|If there is one thing that I have learned while acquiring,
restoring and sailing my "new" Nordic Folkboat, it is that
it requires Patience. I went into this project gung-ho to blaze through
all her problems, fix things quickly and be sailing in a couple of
weeks. Was I foolish? Well not too foolish, but going a little bit
slower might have helped things out.
| My dad called me one day telling me that
a new issue of WoodenBoat Magazine
was out, and that there was a free Folkboat that sounded like it was
in good shape. I called the number listed but got an answering machine.
I decided that I was a fool for trying to get this boat, only because
nobody really gets the boats that are for free. Anyway later that
day I called back and left a message. I drove down to southern Vermont
for my classes, and didn't think much more of it. Well Later that
night Eben Whitcome left a message on my machine, and I called him
back. I went down early on Sunday to look at the boat, (it was located
in West Brook CT.) I wasn't really sure what to think. It was in pretty
good shape, but it also had some serious issues that needed fixing.
Eben was nice enough to let me think it over for the night, and I
called him back on Monday to tell him that I wanted it. I did quite
a bit of soul searching to reach this decision. At the time I was
just finishing my Masters degree, didn't have a job (still don't)
and my Girlfriend of 3 years was moving to Boston to start law school.
Not really the best time to acquire a boat that needed lots of work...
Being the kind of guy that likes a project I went with it though.
|The next week I went down with my very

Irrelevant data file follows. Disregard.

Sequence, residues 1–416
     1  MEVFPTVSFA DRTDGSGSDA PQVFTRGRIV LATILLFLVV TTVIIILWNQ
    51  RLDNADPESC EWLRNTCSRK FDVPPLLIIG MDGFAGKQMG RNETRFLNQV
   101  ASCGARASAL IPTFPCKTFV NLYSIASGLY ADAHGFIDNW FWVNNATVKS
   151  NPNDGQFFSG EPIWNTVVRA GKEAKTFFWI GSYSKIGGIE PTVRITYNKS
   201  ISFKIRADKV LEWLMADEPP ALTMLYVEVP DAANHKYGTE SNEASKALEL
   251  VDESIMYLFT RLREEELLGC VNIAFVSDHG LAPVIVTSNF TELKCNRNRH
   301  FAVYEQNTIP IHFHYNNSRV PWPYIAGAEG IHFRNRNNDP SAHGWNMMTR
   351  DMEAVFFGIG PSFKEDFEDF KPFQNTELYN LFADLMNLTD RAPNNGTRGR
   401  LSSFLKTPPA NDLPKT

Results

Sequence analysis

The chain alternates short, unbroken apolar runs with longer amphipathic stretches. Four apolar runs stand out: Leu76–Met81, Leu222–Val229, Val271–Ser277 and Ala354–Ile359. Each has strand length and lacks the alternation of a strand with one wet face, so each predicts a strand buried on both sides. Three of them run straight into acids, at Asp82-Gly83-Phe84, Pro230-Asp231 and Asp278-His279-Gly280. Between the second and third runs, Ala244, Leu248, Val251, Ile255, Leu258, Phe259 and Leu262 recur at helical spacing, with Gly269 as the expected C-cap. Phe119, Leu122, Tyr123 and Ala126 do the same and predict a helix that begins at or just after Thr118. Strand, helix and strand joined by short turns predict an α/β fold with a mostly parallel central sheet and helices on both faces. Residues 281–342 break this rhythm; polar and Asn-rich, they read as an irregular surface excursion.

good friend Tobey Coolidge and my dad
in a rented Chevy 2500 6.9 liter Turbo Diesel (we named it the Heavy
Chevy). It got 13 MPG on the way down unloaded, and 13 MPG on the
way back towing roughly 6000lbs. It was a long ride (around 350 miles)
and it turns out that the trailer didn't have any breaks. The Heavy
Chevy Kicked some real butt, and we didn't have too much of the Tail
Wagging the Dog.
Then next day we drove it to Point Bay Marine in Charlotte, Vt.
and had her lifted off. That started a long process of work and
more work. I was unemployed so apart from not having any Money,
it was a good time to work on a boat. I should have done less work
on the boat, and more time looking for a job, but live and learn.
I didn't detail much of the work that I did, but by looking at
the pictures you can see what needed to be done. Also reading the
ships log will give you some insight into what needs to still be
done. Plus there are some good stories that I will try to keep updated
once a week.
f you have any questions please feel free to email
me and ask. I would love to hear from other Folkboaters out there!